We have a rental car here in Ushuaia, which enables us to get out of the city.
Argentina has much to offer in its natural landscape, but the cities – outside of the tourist areas – tend to lack most of the public infrastructure that we take for granted in the USA, like decent roads, traffic signs and signals, zoning, building codes, garbage collection. You get the picture.
So, today we decided to drive 50 miles east along the Beagle Channel to the original european settlement of Tierra del Fuego, Estancia Harberton.
The Beagle Channel is named after the ship that brought Charles Darwin to Tierra del Fuego in 1833, H.M.S. Beagle. Like the Strait of Magellan to the north, the Beagle Channel connects the Atlantic and Pacific Oceans, but its use is limited to smaller vessels. The third navigable route around South America is the Drake Passage and Cape Horn at the end of the continent.
This is the Beagle Channel where it runs along the southern shore of Estancia Harberton.
Estancia Harberton was the name of the ranch of Thomas Bridges, an English missionary from the Falklands turned sheep farmer in the late 1800s. Bridges, born in 1842, had run the Anglican mission to the Yámana indians on Tierra del Fuego, but he resigned that post and was granted 20,000 hectares (about 50,000 acres or 77 square miles) by the Argentine government in Tierra del Fuego for his efforts, upon which he built this ranch in 1886.
Bridges’ father-in-law was a carpenter in England and he built the original residence house there, then numbered the boards and components, loaded them onboard a ship, and sent them to Tierra del Fuego where the house was reassembled. Our guide called it the world’s first pre-fabricated home. Here I am, standing in front of the original house (the second floor was added later), next to a whale-bone entry arch.
We toured the outbuildings along the waterfront where the Bridges family had their workshops, mill and sheep-shearing sheds.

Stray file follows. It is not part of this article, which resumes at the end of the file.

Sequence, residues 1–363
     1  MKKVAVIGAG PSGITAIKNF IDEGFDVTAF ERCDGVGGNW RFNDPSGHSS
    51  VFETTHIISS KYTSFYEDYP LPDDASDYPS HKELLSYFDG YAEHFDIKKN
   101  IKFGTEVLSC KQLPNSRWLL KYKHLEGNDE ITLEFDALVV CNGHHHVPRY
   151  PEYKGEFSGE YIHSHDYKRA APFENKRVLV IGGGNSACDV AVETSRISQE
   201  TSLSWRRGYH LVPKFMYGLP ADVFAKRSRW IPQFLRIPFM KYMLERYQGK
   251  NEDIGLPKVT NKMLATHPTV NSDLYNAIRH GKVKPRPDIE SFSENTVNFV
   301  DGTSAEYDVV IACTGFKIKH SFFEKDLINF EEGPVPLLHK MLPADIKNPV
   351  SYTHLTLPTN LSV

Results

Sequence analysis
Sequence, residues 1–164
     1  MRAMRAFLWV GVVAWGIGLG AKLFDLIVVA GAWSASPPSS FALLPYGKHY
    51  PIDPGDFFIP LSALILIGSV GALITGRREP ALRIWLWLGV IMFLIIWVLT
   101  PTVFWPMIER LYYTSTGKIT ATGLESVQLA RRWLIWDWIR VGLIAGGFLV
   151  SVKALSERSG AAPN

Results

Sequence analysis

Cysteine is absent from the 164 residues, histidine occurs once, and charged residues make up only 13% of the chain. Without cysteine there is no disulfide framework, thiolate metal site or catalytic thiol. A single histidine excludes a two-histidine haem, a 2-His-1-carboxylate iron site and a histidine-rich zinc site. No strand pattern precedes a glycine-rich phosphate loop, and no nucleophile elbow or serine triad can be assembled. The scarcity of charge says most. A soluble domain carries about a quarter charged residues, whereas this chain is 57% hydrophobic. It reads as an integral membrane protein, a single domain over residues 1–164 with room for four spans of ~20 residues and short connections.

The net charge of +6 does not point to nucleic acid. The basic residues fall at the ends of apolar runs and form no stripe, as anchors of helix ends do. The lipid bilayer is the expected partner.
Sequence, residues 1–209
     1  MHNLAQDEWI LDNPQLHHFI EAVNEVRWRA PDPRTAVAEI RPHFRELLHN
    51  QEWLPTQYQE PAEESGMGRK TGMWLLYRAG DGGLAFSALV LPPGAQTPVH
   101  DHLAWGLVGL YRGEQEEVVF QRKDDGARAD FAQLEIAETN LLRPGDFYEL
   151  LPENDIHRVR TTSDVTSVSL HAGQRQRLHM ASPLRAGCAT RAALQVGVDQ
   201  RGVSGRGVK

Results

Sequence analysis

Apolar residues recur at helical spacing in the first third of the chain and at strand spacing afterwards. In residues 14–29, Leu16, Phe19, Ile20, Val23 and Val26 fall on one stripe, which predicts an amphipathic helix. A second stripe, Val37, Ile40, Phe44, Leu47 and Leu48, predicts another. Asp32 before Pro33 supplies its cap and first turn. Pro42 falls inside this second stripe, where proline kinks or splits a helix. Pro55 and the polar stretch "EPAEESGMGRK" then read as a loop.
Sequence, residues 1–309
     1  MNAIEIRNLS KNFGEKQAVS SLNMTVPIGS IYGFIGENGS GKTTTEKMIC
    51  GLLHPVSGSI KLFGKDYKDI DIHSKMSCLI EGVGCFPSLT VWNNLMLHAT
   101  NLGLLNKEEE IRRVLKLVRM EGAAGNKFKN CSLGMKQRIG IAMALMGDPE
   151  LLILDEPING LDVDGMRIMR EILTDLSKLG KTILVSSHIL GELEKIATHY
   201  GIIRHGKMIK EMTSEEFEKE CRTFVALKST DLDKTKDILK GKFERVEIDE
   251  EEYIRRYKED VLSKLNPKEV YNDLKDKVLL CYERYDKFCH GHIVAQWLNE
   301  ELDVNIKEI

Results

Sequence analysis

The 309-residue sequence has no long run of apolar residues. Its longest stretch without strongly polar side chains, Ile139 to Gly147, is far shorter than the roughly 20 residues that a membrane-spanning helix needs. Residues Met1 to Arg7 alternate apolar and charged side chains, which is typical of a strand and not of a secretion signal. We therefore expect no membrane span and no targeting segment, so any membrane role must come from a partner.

Inside the sheep-shearing shed there was an old steam-engine belt drive (later replaced by a diesel engine that you see in the foreground)…
…that powered six automatic sheep shearing tools (on the left). The sheep were temporarily kept in the pens to the right (behind the shorn fleece draped over the rail) while waiting their turns.
The Estancia was an active sheep ranch, operated by Bridges descendants, until 1995 when a 9-foot snowfall killed 80% of the 20,000 sheep on the ranch. Although Bridges family members still reside in the house, the property is now designated as an Argentine National Historical Site and only four sheep remain on the property, so it no longer functions as a ranch; it is now a tourist site.
Until 1973, there was no road to Estancia Harberton and all of the wool produced here had to be shipped by water. With the exception of these derelict craft…
…the only boats here now are the two penguin excursion inflatables and the big motorized catamaran that brings tourists to the Estancia from Ushuaia, a 3-hour boat ride up the Beagle Channel (we were the only people that came overland to visit today).
It was a beautiful drive back out from the Estancia through the former pasture lands.
When the road turned inland, we decided to continue along the waterfront, ultimately finding ourselves at a small Coast Guard or Naval station on the Channel. Whatever it was, it was well-armed, with at least four permanent gun turrets that we saw!
Perhaps the Argentines are preparing for an invasion from the Falklands! After all, a Falkland Islander was the first to settle Tierra del Fuego, so it seems that their claim to this island is at least as strong as Argentina’s claim to the Falklands!
At any rate, when we got back to Ushuaia, we passed this sign. The “Malvinas” is what the Argentines call the Falkland Islands.
I don’t think the relationship between the Falklands and Argentina is destined to improve for some time to come.